Monday, September 14, 2009

What Health Care "System?"

In the screaming match that passes for today's health care reform debate, fear and sanctimony are running the show, while rationality, data and decorum have left the building. Why does everyone seem hellbent on blaming everyone else for bad faith? Because we are ALL victims of a situation beyond anyone's control - and victims tend not to be rational, nor data-driven, nor decorous.

So let's see if we can agree on one simple fact: there is no US health care “system.” What we call our “system” is, in daily practice, a sprawling hodgepodge of historic accidents (e.g., job-based insurance); ideological conflict (e.g. government/corporations good/evil or vice versa); and competing economic schemes with enormous amounts of cash in play. Health care in America combines the tortured, politicized complexity of the U.S. tax code with a conundra of intractable political, cultural, and religious disagreements about personal rights and responsibilities.

This may not be news to us health care lifers, even if it is to the idealists in the Obama Administration or the opportunists on Wall Street, but every time policymakers, corporate health benefits purchasers, insurance companies, or entrepreneurs try to fix something in our health care system, they run smack into its central reality: the primary producers and consumers of medical care are uniquely, stubbornly self-serving as they chew through vast sums of other people’s money. Doctors and hospitals are driven by irresolvable conflicts between personal gain and ethical responsibilities; patients are driven by the acrimony and anguish that accompany life-and-death medical decisions; consumers, paying for the most part with everybody’s money but their own, demand that the system serve them with the immediacy and flexibility of other industries; and health insurers are trapped in the middle, trying to keep everybody happy. A group of highly imaginative, energetic people armed with the world’s largest Mark-n-Wipe board could not purposefully design a more complex, dysfunctional system if they tried. The result is a $2 trillion-per-year fiasco in slow motion, a bloody mess narrated with moral shrillness and played out one competing anecdote after another. Death panels? Puh-leeze. Read the actual bill, and you'll be forced to admit that what's really driving the hysteria is fear - of government, of death, of the loss of control - not anything written by anyone in Washington.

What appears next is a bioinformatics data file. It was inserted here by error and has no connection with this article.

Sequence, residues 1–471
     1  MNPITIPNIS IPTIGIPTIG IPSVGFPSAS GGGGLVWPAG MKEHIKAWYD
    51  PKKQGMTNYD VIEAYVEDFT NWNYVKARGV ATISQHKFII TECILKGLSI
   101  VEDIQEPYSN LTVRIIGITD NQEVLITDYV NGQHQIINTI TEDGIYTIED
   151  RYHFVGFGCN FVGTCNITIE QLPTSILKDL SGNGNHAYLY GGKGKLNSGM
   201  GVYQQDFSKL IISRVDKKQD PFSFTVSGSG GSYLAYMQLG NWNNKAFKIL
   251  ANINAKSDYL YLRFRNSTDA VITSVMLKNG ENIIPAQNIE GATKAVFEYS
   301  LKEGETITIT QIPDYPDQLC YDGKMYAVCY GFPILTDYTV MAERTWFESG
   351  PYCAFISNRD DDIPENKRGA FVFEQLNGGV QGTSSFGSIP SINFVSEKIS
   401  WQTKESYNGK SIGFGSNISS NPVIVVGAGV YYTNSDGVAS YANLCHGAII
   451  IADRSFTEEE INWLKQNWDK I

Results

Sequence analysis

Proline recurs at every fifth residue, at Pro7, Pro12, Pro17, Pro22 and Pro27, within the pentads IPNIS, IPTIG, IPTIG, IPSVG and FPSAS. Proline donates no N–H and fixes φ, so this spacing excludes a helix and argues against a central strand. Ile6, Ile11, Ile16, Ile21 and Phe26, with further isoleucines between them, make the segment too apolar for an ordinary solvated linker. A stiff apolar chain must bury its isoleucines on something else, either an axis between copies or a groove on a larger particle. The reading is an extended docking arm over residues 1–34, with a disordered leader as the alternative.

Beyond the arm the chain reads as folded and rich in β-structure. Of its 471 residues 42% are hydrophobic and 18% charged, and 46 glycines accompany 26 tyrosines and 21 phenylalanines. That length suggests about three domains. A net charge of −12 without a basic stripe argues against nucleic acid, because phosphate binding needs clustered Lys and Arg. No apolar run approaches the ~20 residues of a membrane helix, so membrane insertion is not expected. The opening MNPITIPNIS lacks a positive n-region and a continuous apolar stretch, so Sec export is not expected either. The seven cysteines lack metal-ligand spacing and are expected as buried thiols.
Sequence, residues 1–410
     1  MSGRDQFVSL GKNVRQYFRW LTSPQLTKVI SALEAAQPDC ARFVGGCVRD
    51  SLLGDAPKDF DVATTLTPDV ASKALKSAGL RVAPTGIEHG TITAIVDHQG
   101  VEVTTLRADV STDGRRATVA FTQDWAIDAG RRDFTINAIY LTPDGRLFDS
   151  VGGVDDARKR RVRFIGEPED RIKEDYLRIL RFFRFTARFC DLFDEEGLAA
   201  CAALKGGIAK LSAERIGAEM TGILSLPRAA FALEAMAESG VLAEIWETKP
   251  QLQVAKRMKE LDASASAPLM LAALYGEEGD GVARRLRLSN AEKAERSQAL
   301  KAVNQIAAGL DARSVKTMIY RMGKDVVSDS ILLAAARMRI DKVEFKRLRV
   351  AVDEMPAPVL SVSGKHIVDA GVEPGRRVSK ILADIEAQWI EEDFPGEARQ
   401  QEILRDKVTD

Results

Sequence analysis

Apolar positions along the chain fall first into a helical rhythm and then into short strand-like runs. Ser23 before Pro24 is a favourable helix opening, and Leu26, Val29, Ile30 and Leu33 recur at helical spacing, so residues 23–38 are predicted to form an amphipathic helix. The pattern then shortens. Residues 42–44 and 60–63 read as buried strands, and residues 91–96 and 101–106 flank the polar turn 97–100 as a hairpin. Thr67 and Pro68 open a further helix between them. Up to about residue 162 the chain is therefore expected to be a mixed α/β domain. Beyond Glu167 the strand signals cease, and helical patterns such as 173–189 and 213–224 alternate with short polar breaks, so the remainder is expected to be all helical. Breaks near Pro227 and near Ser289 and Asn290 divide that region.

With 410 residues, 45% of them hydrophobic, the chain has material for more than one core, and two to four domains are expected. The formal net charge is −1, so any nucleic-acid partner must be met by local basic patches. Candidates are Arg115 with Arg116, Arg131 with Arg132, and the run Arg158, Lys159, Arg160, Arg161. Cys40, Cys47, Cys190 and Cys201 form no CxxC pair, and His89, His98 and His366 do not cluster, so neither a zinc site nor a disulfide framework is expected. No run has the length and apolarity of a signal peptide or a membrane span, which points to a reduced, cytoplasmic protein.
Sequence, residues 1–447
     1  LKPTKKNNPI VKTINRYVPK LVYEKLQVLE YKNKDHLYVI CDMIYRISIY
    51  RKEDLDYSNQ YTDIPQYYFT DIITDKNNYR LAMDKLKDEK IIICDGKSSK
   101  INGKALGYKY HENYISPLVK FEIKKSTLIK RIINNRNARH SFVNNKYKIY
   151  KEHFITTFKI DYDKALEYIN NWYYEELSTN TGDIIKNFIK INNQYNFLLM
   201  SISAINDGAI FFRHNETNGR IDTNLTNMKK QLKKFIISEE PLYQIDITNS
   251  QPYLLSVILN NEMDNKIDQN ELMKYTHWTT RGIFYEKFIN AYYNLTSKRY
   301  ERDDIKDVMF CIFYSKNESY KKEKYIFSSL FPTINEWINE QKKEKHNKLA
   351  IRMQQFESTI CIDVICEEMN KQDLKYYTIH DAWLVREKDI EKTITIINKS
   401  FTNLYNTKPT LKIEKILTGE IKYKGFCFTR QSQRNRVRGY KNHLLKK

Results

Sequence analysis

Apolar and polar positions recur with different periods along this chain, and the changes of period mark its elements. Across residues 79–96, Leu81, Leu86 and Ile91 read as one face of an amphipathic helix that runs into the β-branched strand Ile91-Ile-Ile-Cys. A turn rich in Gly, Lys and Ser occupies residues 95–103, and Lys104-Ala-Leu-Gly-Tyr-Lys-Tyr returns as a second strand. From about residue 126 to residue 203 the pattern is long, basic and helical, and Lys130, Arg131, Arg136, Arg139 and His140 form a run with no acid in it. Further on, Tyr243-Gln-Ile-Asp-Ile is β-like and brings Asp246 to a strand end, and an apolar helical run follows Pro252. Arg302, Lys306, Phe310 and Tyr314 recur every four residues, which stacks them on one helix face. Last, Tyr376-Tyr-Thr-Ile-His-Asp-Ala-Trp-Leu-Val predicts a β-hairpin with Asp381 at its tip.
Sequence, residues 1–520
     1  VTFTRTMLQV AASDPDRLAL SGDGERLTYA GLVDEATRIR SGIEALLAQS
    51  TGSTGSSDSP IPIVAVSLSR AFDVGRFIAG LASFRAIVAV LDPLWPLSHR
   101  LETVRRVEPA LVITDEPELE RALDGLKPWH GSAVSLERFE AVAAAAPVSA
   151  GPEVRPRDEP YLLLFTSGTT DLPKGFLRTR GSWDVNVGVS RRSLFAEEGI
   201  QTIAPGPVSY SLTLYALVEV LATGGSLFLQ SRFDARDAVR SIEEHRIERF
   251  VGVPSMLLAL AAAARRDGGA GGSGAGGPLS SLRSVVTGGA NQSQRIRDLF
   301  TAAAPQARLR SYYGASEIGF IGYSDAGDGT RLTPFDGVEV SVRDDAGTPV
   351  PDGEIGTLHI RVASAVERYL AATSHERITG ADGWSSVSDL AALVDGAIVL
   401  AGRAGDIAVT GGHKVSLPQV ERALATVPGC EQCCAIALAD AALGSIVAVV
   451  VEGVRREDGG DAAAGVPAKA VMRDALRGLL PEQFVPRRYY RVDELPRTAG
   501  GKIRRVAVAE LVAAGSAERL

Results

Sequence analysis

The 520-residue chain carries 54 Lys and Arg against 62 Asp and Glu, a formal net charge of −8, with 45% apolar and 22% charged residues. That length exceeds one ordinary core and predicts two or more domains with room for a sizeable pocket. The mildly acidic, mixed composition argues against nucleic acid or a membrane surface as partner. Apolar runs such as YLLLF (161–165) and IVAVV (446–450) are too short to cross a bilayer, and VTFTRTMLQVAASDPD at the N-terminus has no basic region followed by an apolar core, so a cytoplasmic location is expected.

So where do we go from here? Quite simply: somewhere else. Now. Another decade of the status quo, and we will have squandered both the political moment for real change ushered in with the election of President Obama, and we will confront the inevitable collapse of our non-system, one that finally fails not just the un-insured and under-insured, but one that fails all of us, including those screaming loudest to protect the status quo. How else to explain why (1) most Americans think the health care "system" is a mess while (2) most Americans are scared to death of changing it. This paradox is rooted in the fact that our health care "system" is a disaster, while at the same time, our medical industrial complex still produces, year after year, the world's greatest medical miracles. If you don't think so, ask anyone old enough to remember the AIDS quilt, or what a breast cancer diagnosis used to mean, or how we used to treat chronic schizophrenia.

That's the $2 trillion question: how can we save American medicine while junking American health care? Maybe if we only stop screaming long enough to have a real discussion about it...


  1. So, you are saying that we are really arguing about "the myth of a U.S. healthcare system?" And that a real system simply does not exist? Or in other words, it is an oxymoron?

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